OTTAWA (Reuters) - Afghanistan is in a “serious, desperate situation” which constitutes a major emergency, Canada’s top commander on the ground said in a frank interview broadcast Wednesday.
Brigadier-General Jonathan Vance made his remarks at the end of a 25-minute interview with the CBC which looked at the tasks confronting Canada’s 2,700 strong mission in southern Afghanistan.
So far 131 soldiers have died and a recent poll showed more than half Canadians oppose the mission, which is due to end in 2011. Vance said one of his greatest challenges was communicating to Canadians what the troops were doing in Afghanistan and why.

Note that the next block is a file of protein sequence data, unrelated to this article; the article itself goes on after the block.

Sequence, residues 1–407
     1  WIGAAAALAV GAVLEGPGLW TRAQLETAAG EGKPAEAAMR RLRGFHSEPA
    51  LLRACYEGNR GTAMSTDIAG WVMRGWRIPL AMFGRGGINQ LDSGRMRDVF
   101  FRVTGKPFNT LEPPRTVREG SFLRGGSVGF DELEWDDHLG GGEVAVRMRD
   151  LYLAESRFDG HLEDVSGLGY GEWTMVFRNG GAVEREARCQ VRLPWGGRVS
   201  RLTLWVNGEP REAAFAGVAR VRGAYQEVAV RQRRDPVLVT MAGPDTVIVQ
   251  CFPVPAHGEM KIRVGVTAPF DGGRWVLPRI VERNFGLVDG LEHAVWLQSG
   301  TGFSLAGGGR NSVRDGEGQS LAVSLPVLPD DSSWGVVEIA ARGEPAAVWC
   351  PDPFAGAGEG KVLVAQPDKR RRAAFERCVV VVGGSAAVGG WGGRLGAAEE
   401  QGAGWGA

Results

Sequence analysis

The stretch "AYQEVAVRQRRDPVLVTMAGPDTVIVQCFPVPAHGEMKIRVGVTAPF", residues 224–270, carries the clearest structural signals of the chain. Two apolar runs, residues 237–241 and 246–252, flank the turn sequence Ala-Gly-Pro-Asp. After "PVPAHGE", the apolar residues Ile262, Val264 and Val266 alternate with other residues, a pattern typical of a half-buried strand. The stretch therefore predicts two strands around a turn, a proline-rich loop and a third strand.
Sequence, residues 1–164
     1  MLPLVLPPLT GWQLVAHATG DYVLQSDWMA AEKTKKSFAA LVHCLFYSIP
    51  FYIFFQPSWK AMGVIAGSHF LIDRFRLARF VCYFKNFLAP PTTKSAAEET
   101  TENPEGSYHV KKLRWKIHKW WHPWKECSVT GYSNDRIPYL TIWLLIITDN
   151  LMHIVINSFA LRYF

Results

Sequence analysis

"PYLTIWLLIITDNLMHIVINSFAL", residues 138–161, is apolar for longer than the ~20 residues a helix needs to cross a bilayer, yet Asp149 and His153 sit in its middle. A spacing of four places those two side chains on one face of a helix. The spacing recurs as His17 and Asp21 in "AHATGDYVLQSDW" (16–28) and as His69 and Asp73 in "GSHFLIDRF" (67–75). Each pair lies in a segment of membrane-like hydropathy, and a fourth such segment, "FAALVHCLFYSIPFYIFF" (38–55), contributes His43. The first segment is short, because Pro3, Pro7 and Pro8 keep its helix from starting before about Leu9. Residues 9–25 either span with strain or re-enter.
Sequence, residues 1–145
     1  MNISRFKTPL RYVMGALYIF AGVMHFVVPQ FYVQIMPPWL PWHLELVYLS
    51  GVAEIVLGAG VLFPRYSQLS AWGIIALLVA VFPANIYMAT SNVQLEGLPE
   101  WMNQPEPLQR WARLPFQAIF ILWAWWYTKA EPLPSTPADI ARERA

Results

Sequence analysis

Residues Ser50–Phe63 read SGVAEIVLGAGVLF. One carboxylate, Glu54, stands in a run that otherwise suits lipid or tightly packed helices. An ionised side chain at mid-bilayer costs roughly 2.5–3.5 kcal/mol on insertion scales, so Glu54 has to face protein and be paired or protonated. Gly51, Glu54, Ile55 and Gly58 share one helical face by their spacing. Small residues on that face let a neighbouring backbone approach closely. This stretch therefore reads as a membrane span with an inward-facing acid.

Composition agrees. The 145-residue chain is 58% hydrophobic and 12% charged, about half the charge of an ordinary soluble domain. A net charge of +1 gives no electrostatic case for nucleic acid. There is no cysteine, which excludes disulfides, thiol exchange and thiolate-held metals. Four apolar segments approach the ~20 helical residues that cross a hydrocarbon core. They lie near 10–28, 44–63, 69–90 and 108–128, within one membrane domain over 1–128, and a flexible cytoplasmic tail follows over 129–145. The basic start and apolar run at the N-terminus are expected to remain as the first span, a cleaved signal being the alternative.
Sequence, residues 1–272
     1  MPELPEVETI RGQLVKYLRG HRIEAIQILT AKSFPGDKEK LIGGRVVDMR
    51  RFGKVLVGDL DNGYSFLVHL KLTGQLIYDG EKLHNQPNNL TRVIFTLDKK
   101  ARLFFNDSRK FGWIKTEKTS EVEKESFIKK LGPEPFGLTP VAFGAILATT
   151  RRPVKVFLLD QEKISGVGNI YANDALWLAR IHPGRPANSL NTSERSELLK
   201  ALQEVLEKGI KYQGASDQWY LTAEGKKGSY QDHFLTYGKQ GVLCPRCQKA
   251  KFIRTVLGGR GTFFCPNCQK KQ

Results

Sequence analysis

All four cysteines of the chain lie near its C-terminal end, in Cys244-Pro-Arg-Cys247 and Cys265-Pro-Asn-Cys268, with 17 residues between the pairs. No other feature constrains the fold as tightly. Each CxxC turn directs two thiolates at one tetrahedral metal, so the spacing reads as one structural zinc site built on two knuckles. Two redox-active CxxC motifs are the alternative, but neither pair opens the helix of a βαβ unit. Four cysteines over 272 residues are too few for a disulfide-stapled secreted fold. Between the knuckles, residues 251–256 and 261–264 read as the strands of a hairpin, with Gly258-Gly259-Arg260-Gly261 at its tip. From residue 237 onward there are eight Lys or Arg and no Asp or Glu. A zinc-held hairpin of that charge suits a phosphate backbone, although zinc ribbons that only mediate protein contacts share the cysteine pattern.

“It’s not to sugar coat anything, and it’s certainly not to make the mission seem better than it is. It’s a serious, desperate situation. It’s a major emergency,” he said.
“But (I) ... try and put all of that into some sort of context such that people -- whether they believe we should be here or not -- at least they understand.”
Canada’s Parliament voted last year to extend the mission to 2011 from the original 2009 end date. Prime Minister Stephen Harper says he has no plans to ask for another extension.
Colin Kenny, a member of the opposition Liberal Party who chairs the Senate’s national security and defense committee, last month said Canada was “hurtling toward a Vietnam ending” and he called for the troops to be pulled out.
Reporting by David Ljunggren; editing by Janet Guttsman